This is the one profound impression I brought back from my work at HBO. That, actually, its business model is now inextricably bound up in its claims for originality and the close relationships it forms with programme makers. That it makes money from new subscriptions, and it can only increase its subscriptions if more and more people know they're paying to get something different from their usual fare. And that can only happen if HBO keeps coming up with programmes that are more daring, or funnier, or more distinctive than the competition.
As a result, it makes a fortune, and can plug that back into production. It doesn't run commercials and actually isn't too bothered by individual ratings. Other networks are now copying them, like FX, Showtime and AMC. This way of making adventurous television is becoming the norm. It's why American TV at the moment is the place most creatives want to go. At HBO, I found a refreshing commitment to me, the programme maker, a culture of backing the creative.
But here's the thing, what makes US television so good now, this commitment to us, is not new. For it's precisely what defined British television for decades. Our passion, our drive to make what felt different and adventurous, had been the hallmark of British television for 40 years. I like to think that, if it got lost recently, that was just a blip. That it hasn't been forgotten, and that once again the circumstances are slotting into place whereby it has to re-emerge and stay with us if we're to survive and then go on to re-take our position as the best TV makers in the world.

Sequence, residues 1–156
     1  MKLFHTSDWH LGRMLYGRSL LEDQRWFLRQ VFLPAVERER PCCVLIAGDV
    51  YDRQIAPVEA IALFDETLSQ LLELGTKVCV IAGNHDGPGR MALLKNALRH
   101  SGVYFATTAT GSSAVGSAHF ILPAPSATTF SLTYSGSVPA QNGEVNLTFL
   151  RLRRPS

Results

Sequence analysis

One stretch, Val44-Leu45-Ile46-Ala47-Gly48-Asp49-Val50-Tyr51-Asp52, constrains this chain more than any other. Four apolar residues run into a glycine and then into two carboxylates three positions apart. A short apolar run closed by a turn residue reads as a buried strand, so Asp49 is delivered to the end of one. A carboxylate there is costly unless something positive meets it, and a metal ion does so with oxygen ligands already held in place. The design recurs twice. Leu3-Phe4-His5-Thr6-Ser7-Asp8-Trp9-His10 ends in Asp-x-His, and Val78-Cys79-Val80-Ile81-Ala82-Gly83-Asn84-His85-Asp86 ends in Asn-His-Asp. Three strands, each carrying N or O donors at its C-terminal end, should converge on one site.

And that blip, that period we've just come through, where programmes were filtered through charts and schedules and executive brain cells and imposed on a creative workforce, that is precisely the old-fashioned mechanics of the big American networks that HBO and company are fighting free of. Just as US TV was excelling by copying the values of British programme makers, so were British channels falling into the worse habits of committee-driven American network TV.
I don't know what it's saying, but I wrote this speech on my iPad, which I bought when I was filming in America. So it must be on American settings, because every time I typed in BBC the autocorrect changed it to NBC.
I genuinely believe that times are changing, that networks are waking up to the fact that viewers will leave them unless they can commission daring and original shows. That there is now genuine competition among them for the best talent, that the internet and the international viewing audience now mean programme makers can circumvent traditional channels and commissioners if they feel they're making no headway for them.
I believe that we may be on the verge of a tantalising moment in television, where the more good programmes we make, the healthier the audiences and the revenue. It will represent a final and fitting twist to those words of James Murdoch. He said that 'the only reliable, durable guarantor of independence is profit.' Could it be that soon the only reliable, durable guarantee of profit is independence? Only we can prove whether that will be the case.
It won't happen overnight. It does need investment, we should be more aggressive in selling our content overseas. The BBC should be more aggressive, all of television should, against the politicians and press barons who seek to tame it and rein it in. It's up to all of us to fight, fight to recapture first position with our ideas, but fight forcefully and loudly against all those who criticise what we do. We shouldn't be scared of offending, or portraying a multi-cultural nation, or pouring money into talent, or making shows that split opinion, that occasionally fail.
We shouldn't be afraid of abandoning caution and market research, nor afraid to write and produce from the heart, out of passion. After all, what better way is there to connect with someone, than a fight? Thank-you very much.
This is the full transcript of Armando Iannucci's speech 'Fight, Fight, Fight', presented at the annual Bafta television lecture. The text is published here with thanks to Bafta.